He valiantly tried to breathe life back into it and even managed to revive it and hand it over to me...with nary a program or photo lost. As my fingertips danced over the keyboard and the screen came to life, I was so happy. We were back together. Reunited and it felt so good. Then, an hour later, my laptop gasped it last breath and died.  The computer doc is coming over again today for a last ditch effort at saving it.

Say a little prayer for my poor laptop, won't you?

So, just about the time I was thinking to myself, "This week has sort of sucked.", my house almost caught fire.

You read that correctly.

The pellet stove in our house malfunctioned and the sparks from the fire (that should not have been burning because the stove was OFF) were shooting out into the house along with an ungodly amount of smoke. Did I mention it was ten o'clock at night, the power had gone out, it was blowing about forty miles an hour and it was maybe 5 degrees outside with the windchill?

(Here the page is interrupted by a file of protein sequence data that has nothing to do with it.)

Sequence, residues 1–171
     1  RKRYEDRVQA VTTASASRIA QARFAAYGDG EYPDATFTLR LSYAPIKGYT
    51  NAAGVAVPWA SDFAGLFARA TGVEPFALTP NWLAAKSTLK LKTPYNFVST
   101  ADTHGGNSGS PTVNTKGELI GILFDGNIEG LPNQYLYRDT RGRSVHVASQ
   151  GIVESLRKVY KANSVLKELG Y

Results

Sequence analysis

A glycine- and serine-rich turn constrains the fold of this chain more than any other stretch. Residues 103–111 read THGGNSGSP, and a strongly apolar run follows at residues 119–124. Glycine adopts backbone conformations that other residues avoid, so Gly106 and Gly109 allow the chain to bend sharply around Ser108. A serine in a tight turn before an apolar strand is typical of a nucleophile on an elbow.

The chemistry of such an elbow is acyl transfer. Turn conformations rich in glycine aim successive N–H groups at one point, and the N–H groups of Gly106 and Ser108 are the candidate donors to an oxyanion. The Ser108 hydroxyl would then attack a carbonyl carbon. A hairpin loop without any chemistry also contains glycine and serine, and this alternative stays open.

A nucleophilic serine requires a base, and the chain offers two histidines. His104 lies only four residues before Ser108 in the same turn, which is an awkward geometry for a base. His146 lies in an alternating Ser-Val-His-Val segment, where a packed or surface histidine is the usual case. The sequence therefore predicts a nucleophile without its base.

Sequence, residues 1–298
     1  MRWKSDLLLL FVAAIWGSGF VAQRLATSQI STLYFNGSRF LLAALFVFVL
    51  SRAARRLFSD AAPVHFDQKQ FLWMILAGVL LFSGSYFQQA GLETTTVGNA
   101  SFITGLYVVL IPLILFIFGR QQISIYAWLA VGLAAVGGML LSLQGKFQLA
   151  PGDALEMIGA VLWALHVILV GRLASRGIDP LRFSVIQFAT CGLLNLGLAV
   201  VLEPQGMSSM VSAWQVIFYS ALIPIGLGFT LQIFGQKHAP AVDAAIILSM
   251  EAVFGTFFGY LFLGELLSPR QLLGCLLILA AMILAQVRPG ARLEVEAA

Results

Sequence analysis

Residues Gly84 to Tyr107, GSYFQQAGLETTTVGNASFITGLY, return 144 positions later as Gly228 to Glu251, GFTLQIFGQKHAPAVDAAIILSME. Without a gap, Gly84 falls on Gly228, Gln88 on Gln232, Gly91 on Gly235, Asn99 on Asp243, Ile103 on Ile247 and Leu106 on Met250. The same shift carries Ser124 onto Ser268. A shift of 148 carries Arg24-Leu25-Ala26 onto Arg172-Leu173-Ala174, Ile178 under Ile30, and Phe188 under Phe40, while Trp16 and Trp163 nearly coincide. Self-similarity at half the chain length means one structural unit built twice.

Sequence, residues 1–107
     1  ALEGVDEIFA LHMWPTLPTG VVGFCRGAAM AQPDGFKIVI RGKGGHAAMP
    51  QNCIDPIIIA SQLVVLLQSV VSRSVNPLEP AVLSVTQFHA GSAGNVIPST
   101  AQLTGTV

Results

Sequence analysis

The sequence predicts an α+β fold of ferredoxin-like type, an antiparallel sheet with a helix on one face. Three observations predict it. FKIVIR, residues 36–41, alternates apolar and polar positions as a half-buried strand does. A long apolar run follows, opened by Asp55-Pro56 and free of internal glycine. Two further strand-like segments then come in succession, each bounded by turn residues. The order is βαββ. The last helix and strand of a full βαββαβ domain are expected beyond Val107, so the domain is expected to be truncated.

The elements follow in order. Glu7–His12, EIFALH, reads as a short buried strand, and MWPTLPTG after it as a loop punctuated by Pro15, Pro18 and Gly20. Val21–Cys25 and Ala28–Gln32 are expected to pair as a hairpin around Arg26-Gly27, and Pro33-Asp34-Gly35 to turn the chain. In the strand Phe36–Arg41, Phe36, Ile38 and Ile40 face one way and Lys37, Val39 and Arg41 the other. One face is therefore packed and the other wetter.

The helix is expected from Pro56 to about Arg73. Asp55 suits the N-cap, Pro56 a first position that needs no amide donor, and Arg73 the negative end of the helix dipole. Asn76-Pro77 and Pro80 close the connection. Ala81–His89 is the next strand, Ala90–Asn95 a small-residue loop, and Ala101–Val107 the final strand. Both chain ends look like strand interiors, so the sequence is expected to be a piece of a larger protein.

Through the hazy beam of the flashlight I quickly deduced that this was bigger than either of us could handle on our own. The hubby on the other hand? He was in some sort of shock or just major denial because he kept repeating to me, "It's fine. It will put itself out in a minute." I shined one last spotlight on the fire inside the pellet stove and the smoke billowing out of it and ran to get Tess dressed, emergency supplies for her packed, and told the hubby to get her the hell out of the house!

With a final directive to the hubby of, "Please, call the fire department!" we were off to my mother's for the night. (she conveniently lives about a two hundred feet up the road from us). Ellie and her boyfriend had met up with us as we were fleeing and very calmly accepted the situation as "just another day at the Reidy's" and helped me out get Tess to my mom's.

After pounding on the door and scaring my mother half to death, we got Tess back in bed and Ellie's boyfriend was just about to leave when the phone rang. It was the hubby. "I've called 911 so you'll be seeing firetrucks coming by."

Alrighty then.